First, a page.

After EFI1.10 and its inclusion of EBC and the EFI Driver Model, we thought of what a "EFI1.2" specification might entail.  One aspect of the pre-OS we explored included more efficient networks.  The problem we discovered was that SNP could only be opened by one agent, namely the PXE BC.  When other network drivers were added, such as the circa-1999 BSD TCP/IP port to EFI, we had to unload the PXE BC in order to have the TCP/IP stack active.   Against this background of a single SNP consumer, we designed the Managed Network Protocol (MNP).   MNP provides for multiple listeners and also provides a non-blocking interface, unlike the single consumer, blocking nature of SNP and UNDI.  We took the concept of multiple consumers and non-blocking for the higher layer protocols, including UDP, TFTP, DHCP, and TCP/IP.   In doing so, we were able to rewrite the PXE BC application to be a small consumer of the below-listed services versus the monolithic stack embedded in the original PXE BC.

Since EFI1.2 never came to light, MNP and the rest of the modular stack definition were contributed into the UEFI2.0 specification as part of the UEFI Forum's effort.  This was timely in that ISCSI was added to the UEFI2.0 corpus, and implementing ISCSI and PXE on the same modular stack proved to be feasible.   The next question posed to the pre-OS networking stack was what to do with PXE.  Recall that the EFI, and now UEFI, interfaces to PXE included the PXE 2.1 wire protocol.  We were faced with evolving PXE to an alternate wire protocol or augmenting PXE and the rest of the networking stack to meet the emergent needs in the industry, such as internet protocol version 6 (IPV6).   Given the extant infrastructure of PXE servers and associated scenarios, included blended scenarios such as 'PXE boot the NBP OS installer, mount an ISCSI share, install into the ISCSI block device', etc, we opted to draft PXE into IPV6 with parallel capabilities.   We coined the effort to have network boot on IPV6 'netboot6' and codified the elements of this capability in RFC 5970 http://tools.ietf.org/pdf/rfc5970.pdf and chapter 21 of the UEFI 2.3.1c specification.  5970 was evolved as part of the DHC WG in the IETF and describes a broad class of network boot transports described by a URL, which includes HTTP, TFTP, ISCSI, NFS, etc.  Netboot6 opted for the TFTP-based transport to have a parallel flow to the PXE 2.1 wire protocol, but there is no reason going forward that alternate boot transports can be used.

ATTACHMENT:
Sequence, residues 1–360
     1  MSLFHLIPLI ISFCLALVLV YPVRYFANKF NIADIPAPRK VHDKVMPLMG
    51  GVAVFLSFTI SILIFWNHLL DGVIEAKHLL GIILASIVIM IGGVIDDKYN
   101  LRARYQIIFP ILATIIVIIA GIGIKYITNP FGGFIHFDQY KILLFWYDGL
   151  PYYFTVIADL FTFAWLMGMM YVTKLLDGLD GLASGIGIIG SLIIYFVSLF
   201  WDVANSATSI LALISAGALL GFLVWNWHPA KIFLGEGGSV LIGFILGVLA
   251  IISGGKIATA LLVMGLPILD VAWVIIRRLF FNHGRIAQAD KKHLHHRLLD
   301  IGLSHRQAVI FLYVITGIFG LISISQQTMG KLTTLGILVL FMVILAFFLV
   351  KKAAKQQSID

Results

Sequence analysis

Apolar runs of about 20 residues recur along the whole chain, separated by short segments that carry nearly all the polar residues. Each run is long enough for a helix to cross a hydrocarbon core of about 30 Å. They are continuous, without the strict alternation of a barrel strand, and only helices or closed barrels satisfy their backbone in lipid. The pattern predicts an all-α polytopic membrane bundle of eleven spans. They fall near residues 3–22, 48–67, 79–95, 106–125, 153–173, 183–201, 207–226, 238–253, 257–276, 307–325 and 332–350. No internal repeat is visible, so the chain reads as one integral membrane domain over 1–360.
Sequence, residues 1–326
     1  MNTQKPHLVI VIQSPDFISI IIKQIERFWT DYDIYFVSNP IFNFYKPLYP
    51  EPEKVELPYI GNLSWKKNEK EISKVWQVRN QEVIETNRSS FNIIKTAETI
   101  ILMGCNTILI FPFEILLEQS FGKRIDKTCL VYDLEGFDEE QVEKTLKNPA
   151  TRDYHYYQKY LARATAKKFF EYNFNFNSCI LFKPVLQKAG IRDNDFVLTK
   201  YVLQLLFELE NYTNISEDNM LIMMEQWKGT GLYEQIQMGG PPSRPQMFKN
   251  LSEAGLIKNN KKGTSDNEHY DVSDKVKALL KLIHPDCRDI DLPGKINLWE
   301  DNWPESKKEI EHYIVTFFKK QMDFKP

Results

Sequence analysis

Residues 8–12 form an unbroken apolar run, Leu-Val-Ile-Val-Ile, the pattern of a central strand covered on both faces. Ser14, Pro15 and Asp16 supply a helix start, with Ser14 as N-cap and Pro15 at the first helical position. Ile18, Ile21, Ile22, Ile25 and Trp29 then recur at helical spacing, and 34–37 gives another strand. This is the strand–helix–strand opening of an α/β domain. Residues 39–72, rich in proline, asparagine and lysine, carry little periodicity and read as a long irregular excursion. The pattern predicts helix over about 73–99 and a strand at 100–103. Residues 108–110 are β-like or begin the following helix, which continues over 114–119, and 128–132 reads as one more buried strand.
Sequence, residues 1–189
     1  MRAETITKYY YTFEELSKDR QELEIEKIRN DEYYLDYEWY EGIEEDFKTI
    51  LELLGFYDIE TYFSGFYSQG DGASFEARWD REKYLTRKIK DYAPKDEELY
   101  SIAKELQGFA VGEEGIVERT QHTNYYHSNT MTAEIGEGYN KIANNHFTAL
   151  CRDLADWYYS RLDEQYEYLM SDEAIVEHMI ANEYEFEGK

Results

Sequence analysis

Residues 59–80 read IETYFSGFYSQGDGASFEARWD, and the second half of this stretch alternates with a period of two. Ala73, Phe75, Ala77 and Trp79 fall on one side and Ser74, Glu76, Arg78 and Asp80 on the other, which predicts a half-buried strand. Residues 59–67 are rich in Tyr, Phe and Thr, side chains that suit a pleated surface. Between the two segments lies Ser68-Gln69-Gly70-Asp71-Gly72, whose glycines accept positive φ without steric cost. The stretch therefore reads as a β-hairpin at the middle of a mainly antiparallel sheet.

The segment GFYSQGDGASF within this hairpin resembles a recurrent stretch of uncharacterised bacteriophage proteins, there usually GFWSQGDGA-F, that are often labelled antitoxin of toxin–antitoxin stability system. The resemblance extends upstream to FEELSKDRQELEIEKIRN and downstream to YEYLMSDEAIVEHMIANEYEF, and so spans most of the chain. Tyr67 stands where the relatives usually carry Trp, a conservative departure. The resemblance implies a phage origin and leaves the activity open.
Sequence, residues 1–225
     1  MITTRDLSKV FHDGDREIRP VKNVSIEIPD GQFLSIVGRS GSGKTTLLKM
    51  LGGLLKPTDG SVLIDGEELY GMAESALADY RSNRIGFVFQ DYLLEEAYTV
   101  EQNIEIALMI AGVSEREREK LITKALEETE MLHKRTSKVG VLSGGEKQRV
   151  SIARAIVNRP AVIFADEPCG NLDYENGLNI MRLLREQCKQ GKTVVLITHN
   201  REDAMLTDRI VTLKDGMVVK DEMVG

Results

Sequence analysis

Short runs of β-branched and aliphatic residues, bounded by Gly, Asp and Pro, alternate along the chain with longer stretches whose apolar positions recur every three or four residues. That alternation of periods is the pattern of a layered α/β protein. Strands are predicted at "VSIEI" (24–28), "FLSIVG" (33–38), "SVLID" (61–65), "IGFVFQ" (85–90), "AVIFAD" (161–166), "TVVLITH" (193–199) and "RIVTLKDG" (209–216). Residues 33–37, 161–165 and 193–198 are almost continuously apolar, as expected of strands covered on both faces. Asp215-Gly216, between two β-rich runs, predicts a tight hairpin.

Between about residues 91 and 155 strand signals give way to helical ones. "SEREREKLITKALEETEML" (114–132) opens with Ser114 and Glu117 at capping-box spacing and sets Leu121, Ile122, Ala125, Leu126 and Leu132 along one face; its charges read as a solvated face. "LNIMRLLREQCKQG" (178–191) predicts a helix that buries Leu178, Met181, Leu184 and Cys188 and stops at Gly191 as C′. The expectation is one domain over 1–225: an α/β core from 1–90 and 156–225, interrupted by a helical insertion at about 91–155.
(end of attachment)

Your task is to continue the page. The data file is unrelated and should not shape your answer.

Seeing is believing, though, so you can find the networking infrastructure mentioned above at http://edk2.svn.sourceforge.net/viewvc/edk2/trunk/edk2/NetworkPkg/.

I regret that this blog and many of the white papers referenced in the past have not treated the UEFI networking stack with much detail.  I'm working to get some more collateral out in the open, especially given how to compose pre-OS networking and fast-boot.  One piece of wisdom that I want to mention is that the UEFI system should not attempt to start any of the networking stack elements unless there is a boot target that includes PXE or other networking-facing service.  This is in the spirit of the UEFI driver model where you should not connect a driver unless needed to boot.  This sparse connect is how UEFI achieves its fast boot times relative to PC/AT BIOS's that had to spin up all of their spindles and network interfaces in absence of having a stylized boot object like the UEFI boot targets with their device paths.  Given that IEEE 802.3 Ethernet devices can take 7 to 20 seconds to effect cable detect actions, any touch to the network will kill chances of achieving the 2-3 second boot times expected by modern operating systems.

Other advice I will include on network boot includes policy decisions of orchestrating IPV4 versus IPV6 on network accesses, etc.  So beyond having a more detailed overview of the stack, fast boot and network selection policy, let me know if there are additional topics on the network stack that you would like to see treated.

Well, that's it for anniversary year 16 blog.  Let's hope that the inductive argument holds true and I am creating the year 17 variant of this blog.

Cheers
Post a Comment